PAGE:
Society For Pediatric Urology

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Role Of VCUG And Importance Of VUR In Follow Up Of Patients With MCDK
Michelle Camp, M.S.1, Natalia Ballesteros, M.D.2, Ruben Blachman, M.D.2, Camila Velasquez, M.D.2, Iuri Dutra, M.D.2, Paulo Moscardi, M.D.2, Mariarita Salvitti, M.D.2, Kristin Kozakowski, M.D.2, Miguel Castellan, M.D.2, Rafael Gosalbez, M.D.2, Andrew Labbie, M.D.2, Ricardo Restrepo, M.D.2, Alireza Alam, M.D.2.
1University of Miami Miller School of Medicine, Miami, FL, USA, 2Nicklaus Children's Hospital, Miami, FL, USA.

Vesicoureteral reflux (VUR) is seen in up to 25% of children with multicystic dysplastic kidney (MCDK). After confirming MCDK on ultrasound (US) a voiding cystourethrogram (VCUG) is traditionally obtained in every patient. However, VCUG is invasive, painful, expensive, and also predisposes to UTIs. More recently, retrospective studies have shown a low incidence of clinically significant VUR in children with unilateral MCDK who have a normal contralateral kidney on US and clinicians continue to question the utility of routine VCUG in this setting. However, little has been studied as to the utility of VCUG in MCDK patients with an abnormal contralateral kidney. Our objective is to assess the value of VCUG in determining the likelihood of VUR in all MCDK patients, as well as the clinical significance of VUR.
A retrospective chart review of pediatric patients with a diagnosis of MCDK from 2008-2017 was performed. Inclusion criteria were patients with MCDK who had a normal or abnormal contralateral postnatal US, in addition to a VCUG. Patients who did not meet MCDK criteria, including those with function in the dysplastic kidney as well as those without an US or VCUG, were excluded.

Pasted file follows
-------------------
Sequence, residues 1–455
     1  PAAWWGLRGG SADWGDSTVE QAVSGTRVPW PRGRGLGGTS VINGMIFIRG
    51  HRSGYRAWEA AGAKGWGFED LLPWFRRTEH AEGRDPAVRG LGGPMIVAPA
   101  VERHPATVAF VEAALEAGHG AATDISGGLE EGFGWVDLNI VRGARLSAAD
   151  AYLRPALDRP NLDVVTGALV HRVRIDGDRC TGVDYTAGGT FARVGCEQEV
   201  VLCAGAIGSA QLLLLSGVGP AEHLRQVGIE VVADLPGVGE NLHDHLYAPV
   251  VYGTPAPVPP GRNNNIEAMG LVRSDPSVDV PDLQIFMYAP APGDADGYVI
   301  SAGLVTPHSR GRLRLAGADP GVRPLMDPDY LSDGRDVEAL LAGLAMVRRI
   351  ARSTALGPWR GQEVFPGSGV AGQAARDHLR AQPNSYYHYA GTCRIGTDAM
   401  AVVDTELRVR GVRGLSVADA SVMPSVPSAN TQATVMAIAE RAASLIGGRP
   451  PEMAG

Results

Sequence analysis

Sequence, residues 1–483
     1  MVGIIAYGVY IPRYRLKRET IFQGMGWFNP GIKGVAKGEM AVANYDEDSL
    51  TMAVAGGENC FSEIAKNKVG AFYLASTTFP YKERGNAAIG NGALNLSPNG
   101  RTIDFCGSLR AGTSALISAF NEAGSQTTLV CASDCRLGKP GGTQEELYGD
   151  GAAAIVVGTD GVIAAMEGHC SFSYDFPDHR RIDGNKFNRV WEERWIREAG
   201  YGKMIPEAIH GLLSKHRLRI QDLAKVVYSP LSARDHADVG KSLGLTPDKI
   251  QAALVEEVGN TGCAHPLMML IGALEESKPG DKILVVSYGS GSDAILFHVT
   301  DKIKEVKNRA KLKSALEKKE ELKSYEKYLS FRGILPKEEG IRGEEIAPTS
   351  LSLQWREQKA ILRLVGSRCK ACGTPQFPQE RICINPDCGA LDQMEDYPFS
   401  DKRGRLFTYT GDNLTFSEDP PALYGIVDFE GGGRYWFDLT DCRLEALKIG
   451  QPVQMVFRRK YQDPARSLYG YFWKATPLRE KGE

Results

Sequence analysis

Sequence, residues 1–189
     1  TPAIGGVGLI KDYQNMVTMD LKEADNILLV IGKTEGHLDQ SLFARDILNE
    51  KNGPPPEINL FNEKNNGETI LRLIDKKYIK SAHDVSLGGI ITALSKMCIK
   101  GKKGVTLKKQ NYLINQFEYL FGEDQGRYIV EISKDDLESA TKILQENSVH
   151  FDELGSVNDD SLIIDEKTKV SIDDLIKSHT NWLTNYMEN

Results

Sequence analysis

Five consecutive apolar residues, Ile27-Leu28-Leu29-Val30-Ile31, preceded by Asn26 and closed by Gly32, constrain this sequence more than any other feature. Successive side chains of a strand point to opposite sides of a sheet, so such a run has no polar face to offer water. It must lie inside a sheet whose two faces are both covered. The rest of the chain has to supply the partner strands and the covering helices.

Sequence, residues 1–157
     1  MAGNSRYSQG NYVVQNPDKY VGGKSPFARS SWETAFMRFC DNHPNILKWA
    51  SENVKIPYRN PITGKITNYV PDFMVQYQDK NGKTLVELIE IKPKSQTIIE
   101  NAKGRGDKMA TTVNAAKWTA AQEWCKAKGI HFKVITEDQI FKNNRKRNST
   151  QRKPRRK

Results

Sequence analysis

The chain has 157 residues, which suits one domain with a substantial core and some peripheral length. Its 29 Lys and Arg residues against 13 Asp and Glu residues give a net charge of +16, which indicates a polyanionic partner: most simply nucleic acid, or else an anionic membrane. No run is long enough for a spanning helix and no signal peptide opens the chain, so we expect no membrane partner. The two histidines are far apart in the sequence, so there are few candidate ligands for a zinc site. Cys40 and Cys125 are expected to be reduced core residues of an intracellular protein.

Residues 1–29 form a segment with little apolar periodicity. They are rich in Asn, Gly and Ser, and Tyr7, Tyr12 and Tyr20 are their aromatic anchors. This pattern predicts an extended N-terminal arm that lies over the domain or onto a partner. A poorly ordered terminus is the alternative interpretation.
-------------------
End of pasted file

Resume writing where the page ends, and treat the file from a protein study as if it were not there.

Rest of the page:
Of 245 children with MCDK, a total of 157 patients were analyzed, of which 118 had a normal contralateral US (table 1). Of these, 25 (21.2%) had VUR, with 19 (76%) in the contralateral kidney. Of the 3 patients with severe VUR (grade IV-V), 1 was to the MCDK, 1 to the contralateral kidney, and the last was bilateral and more severe to the MCDK side. Three of these 25 patients with VUR had a documented UTI, one being severe (grade IV). Of the 39 with an abnormal contralateral US, 9 patients (12 renal units) had VUR (23%) with 6 of them (6 renal units) in the contralateral kidney (66.7%) (Table 1). Two of these 9 patients with VUR had a documented UTI, one severe (grade V, bilateral) and one moderate (grade III). In the overall population for which UTI was documented (n=153), there was no statistical significance when comparing the risk of UTI in relation to age, abnormal US or VUR. However, females had a higher frequency of UTI (p=0.002). Additionally, there was no statistically significant difference in the rate of UTI between VUR patients with a normal versus abnormal contralateral kidney on US (p = 0.604).
Our findings conclude that in patients with MCDK, diagnosing VUR via VCUG may not have much utility, as the risk of UTI was not statistically significant, regardless of a normal or abnormal contralateral kidney on US. Based on our results, it may be better to follow MCDK patients only with ultrasonography and observe them for signs or symptoms of UTI development.

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